In recent days, administration officials said, the Federal Emergency Management Agency, which traditionally coordinates the government’s responses to disasters, has received surprise directives from the White House — including to dispatch deliveries of medical equipment to states that had not even submitted formal requests based on which governor got Mr. Trump on the telephone.
There is no set formula for how to distribute stockpiled goods in a disaster, but this crisis will place an unprecedented strain on America’s backup supply system.
Most emergencies, like weather-related disasters or chemical plant explosions, are geographically confined and don’t require HHS to make tough decisions about what is most needed where. Through state departments of emergency management, governors request assistance, which can either arrive in the form of “push packages” of ready-to-go aid that can be sent to a state within 12 hours or more customized supplies stored by government warehouses and private companies around the country.
Several states have voiced their dismay about how the stockpile is being distributed.
“The support we have received from the administration is woefully insufficient,” Rep. Bill Pascrell Jr., D-N.J., told ProPublica. “I wouldn’t call it complete radio silence from federal officials, but their communications are barely flickering. … If our health workers, doctors and nurses especially, don’t have masks, or gloves, or cotton swabs, lives will be lost — full stop.”
The Strategic National Stockpile was created in 1999, and, as of April 2, was described on a Department of Health and Human Services website as “the nation’s largest supply of life-saving pharmaceuticals and medical supplies for use in a public health emergency severe enough to cause local supplies to run out.”
(That description was later altered to say, “The Strategic National Stockpile’s role is to supplement state and local supplies during public health emergencies.” The change was made after Trump’s son-in-law and White House adviser, Jared Kushner, said on April 2: “The notion of the federal stockpile was it’s supposed to be our stockpile. It’s not supposed to be states’ stockpiles that they then use.” Some interpreted Kushner’s remarks to mean the federal stockpile was not meant to be used by states, which would be false.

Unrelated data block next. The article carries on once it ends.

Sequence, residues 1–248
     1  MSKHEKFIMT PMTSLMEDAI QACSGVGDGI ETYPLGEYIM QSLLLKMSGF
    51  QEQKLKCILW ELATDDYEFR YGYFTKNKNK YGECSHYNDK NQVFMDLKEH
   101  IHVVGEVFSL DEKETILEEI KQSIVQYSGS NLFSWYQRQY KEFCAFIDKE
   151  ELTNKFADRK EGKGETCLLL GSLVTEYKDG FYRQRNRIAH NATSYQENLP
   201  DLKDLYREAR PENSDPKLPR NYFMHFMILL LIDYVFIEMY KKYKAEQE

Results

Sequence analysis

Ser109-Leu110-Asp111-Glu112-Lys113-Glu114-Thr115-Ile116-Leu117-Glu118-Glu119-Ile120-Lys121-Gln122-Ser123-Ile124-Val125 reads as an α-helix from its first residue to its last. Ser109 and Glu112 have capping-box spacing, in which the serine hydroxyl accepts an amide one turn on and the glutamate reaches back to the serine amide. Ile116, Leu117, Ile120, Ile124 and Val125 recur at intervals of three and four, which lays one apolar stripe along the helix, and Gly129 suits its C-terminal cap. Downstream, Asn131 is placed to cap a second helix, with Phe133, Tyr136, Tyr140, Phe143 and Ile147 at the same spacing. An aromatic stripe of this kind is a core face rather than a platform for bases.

Most of the materials in the stockpile are stored in large warehouses around the country, and where those warehouses are located, and exactly what’s in them, is not publicly disclosed.
But NPR science correspondent Nell Greenfieldboyce was allowed to visit one facility in June 2016 — only months before Trump was inaugurated in January 2017. In her article about the warehouse she toured, she described the shelves as being the opposite of bare.
Dire shortages of vital medical equipment in the Strategic National Stockpile that are now hampering the coronavirus response trace back to the budget wars of the Obama years, when congressional Republicans elected on the Tea Party wave forced the White House to accept sweeping cuts to federal spending.
Among the victims of those partisan fights was the effort to keep adequate supplies of masks, ventilators, pharmaceuticals and other medical equipment on hand to respond to a public health crisis. Lawmakers in both parties raised the specter of shortchanging future disaster response even as they voted to approve the cuts.
By late February, the stockpile held just 12 million N95 respirator masks, a small fraction of what government officials say is needed for a severe pandemic. Now the emergency stash is running out of critical supplies and governors are struggling to understand the unclear procedures for how the administration is distributing the equipment.
The stockpile received a $17 billion influx in the first and third coronavirus stimulus bills that Congress passed in March. But there had not been a big boost in stockpile funding since 2009, in response to the H1N1 pandemic, commonly called swine flu.
During the Trump administration, the White House has consistently proposed cutting the CDC and the HHS Office of the Assistant Secretary for Preparedness and Response, which took over stockpile management from the CDC. Congress approved more stockpile funding than Trump’s budget requested in every year of his administration, for a combined $1.93 billion instead of $1.77 billion, according to budget documents.
The White House budget request for 2021, delivered in February as officials were already warning about the dangerous new coronavirus, proposed holding the stockpile’s funding flat at $705 million and cutting resources for the office that oversees it.